Soil Surveys, Environmental Assessment & Land Management

Soil Management Plans and Soil Resource Plans

The preparation of a soil management plan and/or soil resource plan is becoming an increasingly common condition of planning permissions to develop greenfield sites. This reflects a growing emphasis on protecting the upper layers of natural soil from loss or degradation, driven by government initiatives such as 'Safeguarding our Soils: a Strategy for England’. One action of that strategy was publication of the DEFRA 'Construction Code of Practice for the Sustainable Use of Soils on Construction Sites'. That introduced the need for a suitably qualified and experienced soil scientist or practitioner to carry out a soil resource survey showing the areas, types and characteristics of topsoil and subsoil available on site. The results of that survey could then be used to formulate a Soil Resource Plan or Soil Management Plan within the working strategy for the construction site.


As a specialist soil science consultancy and primary author for government of the Construction Code of Practice, Land Research Associates has unrivalled skills and experience to prepare Soil Resource or Management Plans for all types of construction development, not only across greenfield sites but also for brownfield sites that include areas of undisturbed natural soil.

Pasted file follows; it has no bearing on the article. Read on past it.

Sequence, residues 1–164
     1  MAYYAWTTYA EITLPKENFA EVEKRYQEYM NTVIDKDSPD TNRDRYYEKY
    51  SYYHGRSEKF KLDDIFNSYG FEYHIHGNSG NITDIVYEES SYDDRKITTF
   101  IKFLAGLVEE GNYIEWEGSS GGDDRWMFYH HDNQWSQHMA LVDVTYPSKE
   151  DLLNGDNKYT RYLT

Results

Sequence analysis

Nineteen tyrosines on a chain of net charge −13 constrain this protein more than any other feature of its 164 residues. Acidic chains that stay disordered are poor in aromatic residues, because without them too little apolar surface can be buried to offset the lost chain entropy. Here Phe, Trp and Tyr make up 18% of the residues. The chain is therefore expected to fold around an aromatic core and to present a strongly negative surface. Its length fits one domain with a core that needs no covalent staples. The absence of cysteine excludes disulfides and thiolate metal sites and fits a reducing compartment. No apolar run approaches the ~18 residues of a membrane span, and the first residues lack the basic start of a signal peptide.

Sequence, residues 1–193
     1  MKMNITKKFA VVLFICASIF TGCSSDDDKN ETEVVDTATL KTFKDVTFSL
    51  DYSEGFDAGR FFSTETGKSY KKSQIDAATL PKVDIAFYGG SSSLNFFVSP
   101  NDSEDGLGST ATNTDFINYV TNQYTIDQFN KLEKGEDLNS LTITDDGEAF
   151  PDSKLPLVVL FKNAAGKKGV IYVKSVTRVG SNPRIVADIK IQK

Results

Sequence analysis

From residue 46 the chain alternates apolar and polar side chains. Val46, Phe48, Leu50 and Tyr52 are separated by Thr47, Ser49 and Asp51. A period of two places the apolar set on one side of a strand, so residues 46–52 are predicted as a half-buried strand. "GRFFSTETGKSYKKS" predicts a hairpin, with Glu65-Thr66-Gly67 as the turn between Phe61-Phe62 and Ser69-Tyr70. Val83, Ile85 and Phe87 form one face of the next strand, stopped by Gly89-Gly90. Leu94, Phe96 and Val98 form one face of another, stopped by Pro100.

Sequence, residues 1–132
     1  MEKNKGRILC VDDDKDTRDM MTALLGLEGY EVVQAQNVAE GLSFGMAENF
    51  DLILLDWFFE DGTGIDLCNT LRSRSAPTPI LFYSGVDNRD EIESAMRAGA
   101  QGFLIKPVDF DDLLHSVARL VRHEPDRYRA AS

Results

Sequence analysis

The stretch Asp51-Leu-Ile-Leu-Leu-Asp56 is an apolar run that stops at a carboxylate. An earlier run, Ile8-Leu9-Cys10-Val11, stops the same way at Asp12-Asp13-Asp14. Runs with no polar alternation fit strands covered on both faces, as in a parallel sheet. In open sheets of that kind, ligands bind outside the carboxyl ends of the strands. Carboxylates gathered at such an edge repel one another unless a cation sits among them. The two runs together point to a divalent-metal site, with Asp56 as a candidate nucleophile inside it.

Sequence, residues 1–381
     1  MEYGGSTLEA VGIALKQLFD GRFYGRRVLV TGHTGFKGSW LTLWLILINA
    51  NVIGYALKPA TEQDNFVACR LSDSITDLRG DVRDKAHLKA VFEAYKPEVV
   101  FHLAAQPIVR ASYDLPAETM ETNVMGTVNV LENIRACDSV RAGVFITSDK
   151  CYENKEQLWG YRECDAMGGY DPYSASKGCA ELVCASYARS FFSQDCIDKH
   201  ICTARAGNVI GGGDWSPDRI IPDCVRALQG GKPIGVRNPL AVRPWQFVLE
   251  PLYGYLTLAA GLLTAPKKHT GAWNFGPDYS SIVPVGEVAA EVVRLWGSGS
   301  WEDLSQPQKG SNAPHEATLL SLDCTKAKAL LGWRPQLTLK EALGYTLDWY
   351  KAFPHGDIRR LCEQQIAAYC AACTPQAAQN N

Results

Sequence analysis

This flow chart itemises the stages that a comprehensive soil management plan should include.

For further information contact us on +44 (0)1509 670570 or email

Frequently Asked Questions

What are the components of soil management?

There are six components of soil management which include organic matter management, tillage management, chemical management, compaction management, diversity management, residue management.

How farmland should be managed to protect the soil?

There are a few tips that every farmer should look at when protecting their soil.

  • Working with wet soils causes compaction and reduces yields so keep of wet soil
  • The structure will change over time so dig to assess the soil structure.
  • Test the soil regularly for pH and P properties.
  • Maintain soil organic matter.
  • Irrigate to the crop’s requirements and not more.
  • Maintain field drains.
  • Take the correct steps to prevent erosion. 

What are the three characteristics of soil?

The three particles that make up soil are sand, silt and clay. Sand is usually the largest particle and clay is the smallest. With the correct percentages of these three particles are what gives soil its texture.

What is meant by soil management?

Soil management is the application of practices and treatments to protect soil and enhance its performance. This includes soil conservation, soil amendment and optimal soil health. Good soil management should be used in both industrial and agricultural land.